Whenever the Bishops meet for these Plenary Assemblies, it is usually over a period of 14 days. The first day is dedicated to prayer and recollection. The second is the opening public Mass. The first week of the Plenary Assembly is usually known as the ‘study session’ of the Conference. During the study sessions position papers are presented by experts on various topics in line with the main theme. Bishops sometimes go into study groups which are then followed by open discussion and debate. The final session would  then adopt resolutions which would be shared in a communiqué at the end of the  two-week Plenary Assembly.  The second week of the Plenary runs as a business meeting for the Bishops. During this business week the Bishops listen to reports from the AMECEA Secretariat staff and AMECEA institutions such as CUEA and make any major policy decisions that may arise from the reports. It is also during this business session that appointments to vacant positions of their institutions are made.


The authority of all activities of AMECEA rests with the Plenary Assembly of all the Bishops of the AMECEA-member countries. Between the Plenary Assemblies, the Executive Board makes the necessary decisions according to the AMECEA priorities. The day to day decisions are taken on behalf of the AMECEA Chairman by the Secretary General. The present Secretary General is Fr. Ferdinand Lugonzo of Kenya.  He is based at the AMECEA Secretariat in Nairobi.

The AMECEA Secretariat in Nairobi has a number of key departments such as the Social Communications, Justice and Peace and the Pastoral Departments.

The Social Communications Department aims at fostering the growth of Social Communications for Evangelization in the region. Among other priorities, the AMECEA Pastoral Department incorporates the Apostolate to the Nomads of the AMECEA region. The Apostolate to the Nomads was established in 1976 and aims at Evangelizing the Pastoralists, Nomadic and Semi-Nomadic people.

AMECEA prides itself of key institutions of learning for its members. Foremost of these institutions is the Catholic University of Eastern Africa (CUEA).  As an academic organ of the local churches in the AMECEA region, this institution carries out Christ’s mission of Evangelisation through research and teaching. The University was formally inaugurated by the late Pope John Paul II in August 1985. The University is continually working to make itself relevant to key stakeholders.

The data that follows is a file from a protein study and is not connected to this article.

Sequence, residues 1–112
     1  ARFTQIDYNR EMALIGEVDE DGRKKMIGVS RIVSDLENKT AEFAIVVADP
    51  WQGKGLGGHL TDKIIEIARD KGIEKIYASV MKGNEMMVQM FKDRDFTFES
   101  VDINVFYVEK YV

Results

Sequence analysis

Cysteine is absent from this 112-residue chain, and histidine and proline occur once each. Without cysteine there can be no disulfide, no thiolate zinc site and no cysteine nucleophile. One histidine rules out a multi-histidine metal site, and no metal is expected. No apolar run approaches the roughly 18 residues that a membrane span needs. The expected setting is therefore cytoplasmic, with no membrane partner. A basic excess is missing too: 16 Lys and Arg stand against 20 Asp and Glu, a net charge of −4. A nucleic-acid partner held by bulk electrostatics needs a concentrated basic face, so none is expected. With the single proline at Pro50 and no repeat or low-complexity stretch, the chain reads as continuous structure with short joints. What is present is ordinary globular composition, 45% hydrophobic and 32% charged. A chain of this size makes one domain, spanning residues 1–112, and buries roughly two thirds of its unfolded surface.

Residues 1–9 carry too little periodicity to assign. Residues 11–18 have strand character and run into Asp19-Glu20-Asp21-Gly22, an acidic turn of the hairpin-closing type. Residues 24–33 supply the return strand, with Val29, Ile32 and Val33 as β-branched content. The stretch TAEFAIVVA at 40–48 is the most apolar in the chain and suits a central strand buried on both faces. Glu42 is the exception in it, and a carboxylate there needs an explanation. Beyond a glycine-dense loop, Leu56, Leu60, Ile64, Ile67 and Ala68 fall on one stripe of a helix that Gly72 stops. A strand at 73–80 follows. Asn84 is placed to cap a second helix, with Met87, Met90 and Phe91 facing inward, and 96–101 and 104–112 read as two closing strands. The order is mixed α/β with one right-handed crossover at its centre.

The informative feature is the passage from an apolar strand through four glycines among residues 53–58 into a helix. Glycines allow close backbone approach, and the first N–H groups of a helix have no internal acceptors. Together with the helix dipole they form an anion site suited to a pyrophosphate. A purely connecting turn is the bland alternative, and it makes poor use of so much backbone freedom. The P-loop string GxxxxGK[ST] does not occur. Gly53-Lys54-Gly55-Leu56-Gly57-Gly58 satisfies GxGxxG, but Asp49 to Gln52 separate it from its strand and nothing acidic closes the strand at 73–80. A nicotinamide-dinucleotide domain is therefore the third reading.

The accountancy course at St. Augustine University of Tanzania (SAUT) was established to train accountants who would work in Church-related institutions of AMECEA-member  countries. 

Blessed Bakanja AMECEA College in Kenya was established in 1998. It is a regional Theological Seminary and House of Formation for Seminarians drawn from the eight AMECEA-member countries.

The AMECEA Pastoral Institute (API/GABA) was one of the earliest AMECEA institutions. Established in 1967 and originally situated at Gaba, Kampala in Uganda,  the Institution was forced to move to Eldoret, Kenya in 1976 because of political insecurity in Uganda, at the time. The AMECEA Pastoral Institute is a Catholic pastoral institute which offers  an opportunity for ongoing formation, pastoral study and renewal to Priests, Sisters and lay people. Today the Institute is part of the Catholic University of Eastern Africa (CUEA).


AMECEA -GABA Publications is a publishing department of AMECEA under CUEA. Among its notable publications have been AFER (African Ecclesial Review) Magazine and Spearhead Magazine. AFER was designed to be a scholarly journal distinguished for open discussion on pastoral issues affecting the Church. Spearhead Magazine instead would offer monograph series which evolve from pastoral research by various AMECEA Scholars.

Source: http://en.radiovaticana.va/news/2014/07/16/why_the_18th_amecea_plenary_assembly_in_malawi_is_important/1102949